Stolen Focus by Johann Hari [8/10]

Johann Hari is a prodigiously busy journalist of ideas who surveys zeitgeist fields and presents the panoply of expert thinking with panache and readability. He can annoy, he can trivialize, he can over-dramatize, but in wrestling with current issues from a non-expert viewpoint, patching in his own experiences, he is mimicking what we, as global humanists, should do, and so his books perform a valuable service. “Stolen Focus: Why You Can’t Pay Attention” tackles a general purported loss of focus or attention that can apparently be detected in modern societies over the past few decades. Indeed, you are probably like me and can detect a lack of sustained thought that bedevils those around you and you yourself. Hari identifies twelve factors damaging our capacity to pay attention, ranging from the individualistic to the mass-manipulative to the systemic. We think differently in a faster world, the tech companies manipulate our neurological fragilities to suck us into data purgatory, and the modern capitalistic world saps us of basic capacities. The final few of the dozen factors tilt at stranger topics, such as encouraging children’s free play. Finally, Hari offers some personal “daylight-seeking” strategies and posits an Attention Rebellion movement akin to my heroes Extinction Rebellion. It’s a heady brew and someof it is derivative, but Hari assiduously talks to everyone and sifts out his views, and I believe that to be a boon to readers. I, at least, am changed by this reading experience, and have sent Stolen Focus to a number of my friends as a gift. Enough said…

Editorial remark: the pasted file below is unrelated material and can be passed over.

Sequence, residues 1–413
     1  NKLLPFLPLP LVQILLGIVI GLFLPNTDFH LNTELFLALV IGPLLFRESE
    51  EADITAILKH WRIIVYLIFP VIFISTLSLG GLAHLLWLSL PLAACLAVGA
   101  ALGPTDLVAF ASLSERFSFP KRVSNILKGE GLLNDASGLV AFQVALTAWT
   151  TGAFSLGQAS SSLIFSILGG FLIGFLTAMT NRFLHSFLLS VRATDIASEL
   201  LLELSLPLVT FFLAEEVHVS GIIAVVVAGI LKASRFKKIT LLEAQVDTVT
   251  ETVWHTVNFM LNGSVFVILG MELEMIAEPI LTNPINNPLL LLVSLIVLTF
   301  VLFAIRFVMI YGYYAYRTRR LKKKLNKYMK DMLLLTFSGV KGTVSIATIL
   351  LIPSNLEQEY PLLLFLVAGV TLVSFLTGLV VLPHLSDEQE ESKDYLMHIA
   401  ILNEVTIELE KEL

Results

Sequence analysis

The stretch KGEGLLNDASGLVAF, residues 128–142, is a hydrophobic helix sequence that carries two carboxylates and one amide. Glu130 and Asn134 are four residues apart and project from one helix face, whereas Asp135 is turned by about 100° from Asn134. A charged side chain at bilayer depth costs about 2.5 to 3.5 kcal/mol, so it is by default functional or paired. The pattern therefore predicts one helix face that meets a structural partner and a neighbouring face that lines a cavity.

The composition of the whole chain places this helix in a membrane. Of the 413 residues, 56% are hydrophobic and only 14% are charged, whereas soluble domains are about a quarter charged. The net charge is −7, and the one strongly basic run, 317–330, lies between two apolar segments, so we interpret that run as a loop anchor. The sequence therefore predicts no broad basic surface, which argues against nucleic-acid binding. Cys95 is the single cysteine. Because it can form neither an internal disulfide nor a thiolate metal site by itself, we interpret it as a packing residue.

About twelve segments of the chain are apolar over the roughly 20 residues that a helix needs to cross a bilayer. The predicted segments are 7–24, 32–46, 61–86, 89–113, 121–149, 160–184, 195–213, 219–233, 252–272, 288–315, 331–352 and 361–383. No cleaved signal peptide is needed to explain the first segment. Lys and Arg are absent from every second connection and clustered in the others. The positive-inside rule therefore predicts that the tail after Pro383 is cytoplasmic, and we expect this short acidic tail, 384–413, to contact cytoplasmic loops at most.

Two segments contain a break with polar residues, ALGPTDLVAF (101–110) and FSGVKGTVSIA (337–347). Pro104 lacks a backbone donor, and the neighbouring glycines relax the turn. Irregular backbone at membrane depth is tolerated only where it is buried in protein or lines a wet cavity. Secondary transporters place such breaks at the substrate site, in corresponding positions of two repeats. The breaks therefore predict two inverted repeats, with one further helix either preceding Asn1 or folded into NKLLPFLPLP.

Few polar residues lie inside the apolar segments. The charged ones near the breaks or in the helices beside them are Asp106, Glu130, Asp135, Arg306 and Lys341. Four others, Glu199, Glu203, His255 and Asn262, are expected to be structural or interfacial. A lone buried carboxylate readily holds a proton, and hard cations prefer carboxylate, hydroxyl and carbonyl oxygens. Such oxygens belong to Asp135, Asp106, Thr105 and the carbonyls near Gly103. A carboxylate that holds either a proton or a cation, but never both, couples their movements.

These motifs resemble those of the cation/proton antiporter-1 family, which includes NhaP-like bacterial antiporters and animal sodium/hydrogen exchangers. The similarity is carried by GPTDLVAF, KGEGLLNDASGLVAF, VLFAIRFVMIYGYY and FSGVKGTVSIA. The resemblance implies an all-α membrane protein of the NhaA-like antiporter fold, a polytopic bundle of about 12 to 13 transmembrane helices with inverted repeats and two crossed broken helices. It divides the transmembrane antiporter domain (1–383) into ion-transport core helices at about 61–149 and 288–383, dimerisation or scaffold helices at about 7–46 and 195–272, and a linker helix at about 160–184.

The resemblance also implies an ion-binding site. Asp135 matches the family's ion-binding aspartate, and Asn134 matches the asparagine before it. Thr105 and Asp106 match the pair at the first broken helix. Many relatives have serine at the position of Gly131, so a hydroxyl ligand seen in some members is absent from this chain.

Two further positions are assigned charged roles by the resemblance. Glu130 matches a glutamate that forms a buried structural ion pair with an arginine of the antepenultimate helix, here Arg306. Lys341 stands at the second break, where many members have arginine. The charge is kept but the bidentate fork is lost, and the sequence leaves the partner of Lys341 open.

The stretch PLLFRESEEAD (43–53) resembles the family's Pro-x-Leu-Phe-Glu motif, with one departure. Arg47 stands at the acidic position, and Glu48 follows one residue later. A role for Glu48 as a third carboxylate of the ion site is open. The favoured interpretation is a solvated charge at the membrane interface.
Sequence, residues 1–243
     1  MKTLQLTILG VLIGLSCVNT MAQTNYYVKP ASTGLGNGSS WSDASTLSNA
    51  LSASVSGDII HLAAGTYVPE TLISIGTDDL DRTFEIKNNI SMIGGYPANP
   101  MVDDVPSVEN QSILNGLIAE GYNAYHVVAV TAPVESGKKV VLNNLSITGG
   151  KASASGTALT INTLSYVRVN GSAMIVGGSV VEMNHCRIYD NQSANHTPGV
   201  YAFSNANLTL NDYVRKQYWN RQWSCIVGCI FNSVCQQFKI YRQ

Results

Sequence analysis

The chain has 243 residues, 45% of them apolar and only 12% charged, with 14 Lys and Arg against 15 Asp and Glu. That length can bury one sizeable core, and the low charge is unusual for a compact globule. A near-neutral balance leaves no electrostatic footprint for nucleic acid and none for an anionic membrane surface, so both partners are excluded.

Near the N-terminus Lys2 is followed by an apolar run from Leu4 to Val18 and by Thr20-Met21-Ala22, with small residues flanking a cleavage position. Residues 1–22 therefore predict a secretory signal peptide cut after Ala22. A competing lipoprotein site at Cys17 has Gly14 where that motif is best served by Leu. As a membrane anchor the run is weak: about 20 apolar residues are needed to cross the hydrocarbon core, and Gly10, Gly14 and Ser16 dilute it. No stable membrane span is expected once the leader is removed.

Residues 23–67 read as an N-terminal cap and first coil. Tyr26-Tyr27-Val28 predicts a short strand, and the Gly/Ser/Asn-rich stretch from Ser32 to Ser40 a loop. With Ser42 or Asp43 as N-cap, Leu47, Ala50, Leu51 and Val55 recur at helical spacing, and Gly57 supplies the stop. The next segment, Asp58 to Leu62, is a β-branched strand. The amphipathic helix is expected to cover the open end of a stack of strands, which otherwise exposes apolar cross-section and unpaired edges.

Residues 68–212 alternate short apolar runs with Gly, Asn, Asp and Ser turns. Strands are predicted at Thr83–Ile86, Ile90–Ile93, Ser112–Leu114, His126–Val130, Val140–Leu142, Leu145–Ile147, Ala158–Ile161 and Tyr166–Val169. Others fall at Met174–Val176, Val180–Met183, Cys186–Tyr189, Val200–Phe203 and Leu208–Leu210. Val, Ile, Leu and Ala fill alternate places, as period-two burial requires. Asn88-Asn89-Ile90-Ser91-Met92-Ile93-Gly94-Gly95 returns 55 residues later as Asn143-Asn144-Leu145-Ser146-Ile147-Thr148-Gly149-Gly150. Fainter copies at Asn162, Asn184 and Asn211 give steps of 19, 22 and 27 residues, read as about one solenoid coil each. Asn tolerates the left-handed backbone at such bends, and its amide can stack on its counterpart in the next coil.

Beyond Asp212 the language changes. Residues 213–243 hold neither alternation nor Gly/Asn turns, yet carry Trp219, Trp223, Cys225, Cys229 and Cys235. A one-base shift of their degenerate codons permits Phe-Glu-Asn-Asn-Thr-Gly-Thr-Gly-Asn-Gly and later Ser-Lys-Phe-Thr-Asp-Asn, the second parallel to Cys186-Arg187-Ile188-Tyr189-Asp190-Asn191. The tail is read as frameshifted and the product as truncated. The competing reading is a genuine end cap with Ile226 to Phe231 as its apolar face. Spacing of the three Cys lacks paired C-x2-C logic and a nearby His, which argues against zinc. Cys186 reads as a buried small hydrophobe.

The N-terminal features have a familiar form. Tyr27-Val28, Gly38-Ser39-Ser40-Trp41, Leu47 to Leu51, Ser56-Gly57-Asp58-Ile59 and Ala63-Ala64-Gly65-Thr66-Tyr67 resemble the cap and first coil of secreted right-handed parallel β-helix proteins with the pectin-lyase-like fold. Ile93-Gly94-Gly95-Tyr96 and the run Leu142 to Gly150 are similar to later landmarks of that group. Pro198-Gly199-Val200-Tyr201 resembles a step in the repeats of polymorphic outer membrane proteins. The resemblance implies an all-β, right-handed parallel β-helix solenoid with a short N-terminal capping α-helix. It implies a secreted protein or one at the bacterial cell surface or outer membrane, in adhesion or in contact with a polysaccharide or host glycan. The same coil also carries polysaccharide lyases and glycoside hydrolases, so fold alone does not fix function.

One Reply to “Stolen Focus by Johann Hari [8/10]”

  1. Ironic that the author invents a whole new “condition” we need to worry about and address in a world they suggest is already too full of distractions and things grabbing our attention.

Leave a Reply

Your email address will not be published. Required fields are marked *